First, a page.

Emily Murphy

Emily Murphy was born and raised in St. John’s and received her B.Sc. from Memorial in 2015. She is currently completing a masters in the Department of Gender Studies. She describes herself as “a feminist, a musician, a bookworm and a pop-culture aficionado.” She tries to spend my free time with my family and friends, or binge watching Netflix.

How and why did you decide to attend Memorial for your graduate degree?

It was a bunch of factors, really. I was born and raised in St. John’s, so my entire family is here. This also made it a good financial decision for me. But a large part of what clinched my decision was the people in the gender studies department. As I came to be increasingly familiar with the professors in the department, and the students in the MGS program. I decided that these were the people I wanted to learn from.

What drew you to explore gender studies originally?

I’ve always identified with feminist politics, even if I didn’t always use the term “feminist,” but then I took Gender Studies 1000 as an elective because a friend recommended it, and felt like my whole outlook on life had been flipped on its head. Suddenly it was all I could talk about and it was all I was interested in. It really lit a fire in me, and so I decided that once I finished my B.Sc., I’d take a year to do as many gender studies courses as I possibly could, and then apply for the MGS program.

Can you tell us a bit about your current research?

I’m looking at fandom as a site for sociopolitical action. In particular, I’m looking at the substantial backlash and grassroots fundraising campaign that occurred on social media after the death of beloved lesbian character, Lexa, on the tv show The 100. I’ll be looking at the role that affect played in fans’ response to Lexa’s death and fans’ subsequent grassroots movement which calls for better representation of LGBT people on broadcast networks. I will also examine the power dynamics of the fan/producer relationship, and the neoliberal context in which this relationship was cultivated through social media and promotional content.

A supervisor can be key to the success of any grad student. What does your supervisor bring to her role as your advisor and mentor?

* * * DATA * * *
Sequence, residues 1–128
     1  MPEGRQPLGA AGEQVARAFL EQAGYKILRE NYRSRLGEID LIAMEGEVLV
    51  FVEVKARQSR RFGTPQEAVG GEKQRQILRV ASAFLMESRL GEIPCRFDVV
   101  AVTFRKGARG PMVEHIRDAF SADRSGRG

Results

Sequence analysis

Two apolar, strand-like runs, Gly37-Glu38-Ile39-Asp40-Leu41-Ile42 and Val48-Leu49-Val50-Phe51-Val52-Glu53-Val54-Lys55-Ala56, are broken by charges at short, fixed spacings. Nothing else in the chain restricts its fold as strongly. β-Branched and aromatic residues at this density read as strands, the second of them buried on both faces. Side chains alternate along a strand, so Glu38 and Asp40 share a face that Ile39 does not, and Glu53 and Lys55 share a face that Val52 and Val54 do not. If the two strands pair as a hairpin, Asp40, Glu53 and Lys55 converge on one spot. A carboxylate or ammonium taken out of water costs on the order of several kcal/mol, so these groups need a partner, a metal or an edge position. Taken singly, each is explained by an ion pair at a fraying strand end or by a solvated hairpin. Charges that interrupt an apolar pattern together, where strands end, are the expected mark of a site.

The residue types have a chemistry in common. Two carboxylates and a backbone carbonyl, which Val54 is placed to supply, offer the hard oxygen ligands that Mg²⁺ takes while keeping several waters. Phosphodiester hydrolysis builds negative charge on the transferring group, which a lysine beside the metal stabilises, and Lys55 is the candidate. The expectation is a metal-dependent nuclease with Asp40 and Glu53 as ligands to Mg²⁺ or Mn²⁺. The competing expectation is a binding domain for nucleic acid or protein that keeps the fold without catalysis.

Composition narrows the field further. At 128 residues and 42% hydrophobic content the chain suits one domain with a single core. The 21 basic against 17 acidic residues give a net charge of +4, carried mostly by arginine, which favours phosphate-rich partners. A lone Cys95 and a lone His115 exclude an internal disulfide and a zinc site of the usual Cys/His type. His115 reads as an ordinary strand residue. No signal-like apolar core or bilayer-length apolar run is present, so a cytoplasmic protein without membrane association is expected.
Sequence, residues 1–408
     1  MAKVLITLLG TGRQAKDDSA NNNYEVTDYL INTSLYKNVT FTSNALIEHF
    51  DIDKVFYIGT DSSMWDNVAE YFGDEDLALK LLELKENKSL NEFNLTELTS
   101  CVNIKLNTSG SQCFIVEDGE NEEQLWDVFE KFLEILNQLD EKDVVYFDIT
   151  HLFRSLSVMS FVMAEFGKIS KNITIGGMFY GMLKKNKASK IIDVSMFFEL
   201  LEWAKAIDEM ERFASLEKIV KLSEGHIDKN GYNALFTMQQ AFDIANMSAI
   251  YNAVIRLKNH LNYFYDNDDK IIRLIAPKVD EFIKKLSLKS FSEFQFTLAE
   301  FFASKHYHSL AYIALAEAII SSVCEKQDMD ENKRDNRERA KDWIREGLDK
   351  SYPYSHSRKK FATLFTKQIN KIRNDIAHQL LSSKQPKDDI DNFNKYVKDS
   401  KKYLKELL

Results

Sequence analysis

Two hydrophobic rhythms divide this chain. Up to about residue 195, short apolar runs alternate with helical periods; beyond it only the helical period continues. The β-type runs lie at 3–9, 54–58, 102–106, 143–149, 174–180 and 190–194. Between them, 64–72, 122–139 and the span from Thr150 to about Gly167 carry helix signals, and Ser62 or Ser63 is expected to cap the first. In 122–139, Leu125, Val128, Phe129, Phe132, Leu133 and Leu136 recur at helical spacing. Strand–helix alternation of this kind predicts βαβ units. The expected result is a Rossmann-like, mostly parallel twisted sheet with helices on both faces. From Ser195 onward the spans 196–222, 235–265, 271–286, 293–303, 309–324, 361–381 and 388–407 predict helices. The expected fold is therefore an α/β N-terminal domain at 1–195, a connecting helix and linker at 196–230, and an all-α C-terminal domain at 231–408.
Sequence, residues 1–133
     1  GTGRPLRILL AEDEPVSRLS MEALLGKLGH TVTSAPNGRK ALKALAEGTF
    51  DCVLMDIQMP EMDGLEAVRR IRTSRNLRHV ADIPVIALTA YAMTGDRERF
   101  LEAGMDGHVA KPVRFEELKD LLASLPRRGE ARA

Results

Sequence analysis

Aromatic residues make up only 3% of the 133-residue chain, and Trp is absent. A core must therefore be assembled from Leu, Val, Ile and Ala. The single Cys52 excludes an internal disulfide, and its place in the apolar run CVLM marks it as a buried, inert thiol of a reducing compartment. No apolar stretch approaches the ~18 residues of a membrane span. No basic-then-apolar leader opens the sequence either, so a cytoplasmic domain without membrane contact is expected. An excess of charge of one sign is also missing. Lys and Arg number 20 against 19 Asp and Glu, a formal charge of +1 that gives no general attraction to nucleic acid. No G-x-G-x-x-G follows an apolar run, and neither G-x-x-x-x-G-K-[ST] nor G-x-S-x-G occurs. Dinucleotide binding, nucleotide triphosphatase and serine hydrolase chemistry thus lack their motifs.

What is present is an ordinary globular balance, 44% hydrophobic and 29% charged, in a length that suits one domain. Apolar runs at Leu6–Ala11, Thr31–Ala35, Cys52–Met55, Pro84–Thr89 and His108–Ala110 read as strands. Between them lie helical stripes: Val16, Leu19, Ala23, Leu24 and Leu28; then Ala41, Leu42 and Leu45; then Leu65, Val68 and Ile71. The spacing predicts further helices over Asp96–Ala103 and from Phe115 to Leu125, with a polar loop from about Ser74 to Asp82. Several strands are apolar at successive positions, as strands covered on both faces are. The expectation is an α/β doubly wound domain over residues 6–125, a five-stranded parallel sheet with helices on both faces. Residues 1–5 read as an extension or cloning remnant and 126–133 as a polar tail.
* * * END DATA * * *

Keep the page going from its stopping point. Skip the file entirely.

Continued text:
My supervisors, Dr. Sonja Boon and Dr. Jennifer Dyer, are brilliant mentors. I am so fortunate to have the opportunity to learn from them. Their feedback is invaluable to me, and I’ve already learned so much from them. They’re also so supportive, and regularly remind me not to doubt myself and to trust my own abilities.

Have you attended any conferences/delivered any papers this year? Can you give details?

Not yet, but I am giving a public talk as part of the gender studies speaker’s series in early December. It’s basically a presentation of my thesis and the research I’ve done up to that point.

Are you involved in any organizations on-campus or off? If so, can you explain and detail such involvement?

I tend to spend most of my time focusing on schoolwork; I don’t have time for much else. I do work at the Memorial Writing Center, though, and I love it. It’s everything I could ever hope for in a job. I get to meet and talk with people from all over the world, and that can be an immensely rewarding experience.

What do you like most about being a graduate student at Memorial?

The people! The faculty and staff in my department are so helpful and understanding, and I’m lucky to be in such a welcoming environment. My favourite part, though, is getting to know my fellow students. It really is a privilege to be able to learn from such a diverse group of people with such vastly different life experiences.

What do you hope to do after completing your graduate degree?

I ask myself this question a lot, and I’m still not sure. I don’t know if I’ll continue my education or not, but I think I’d like to eventually end up doing something that helps people in my community. I do know that wherever I end up, I can take the knowledge accrued through this program with me, and I know it will be useful.


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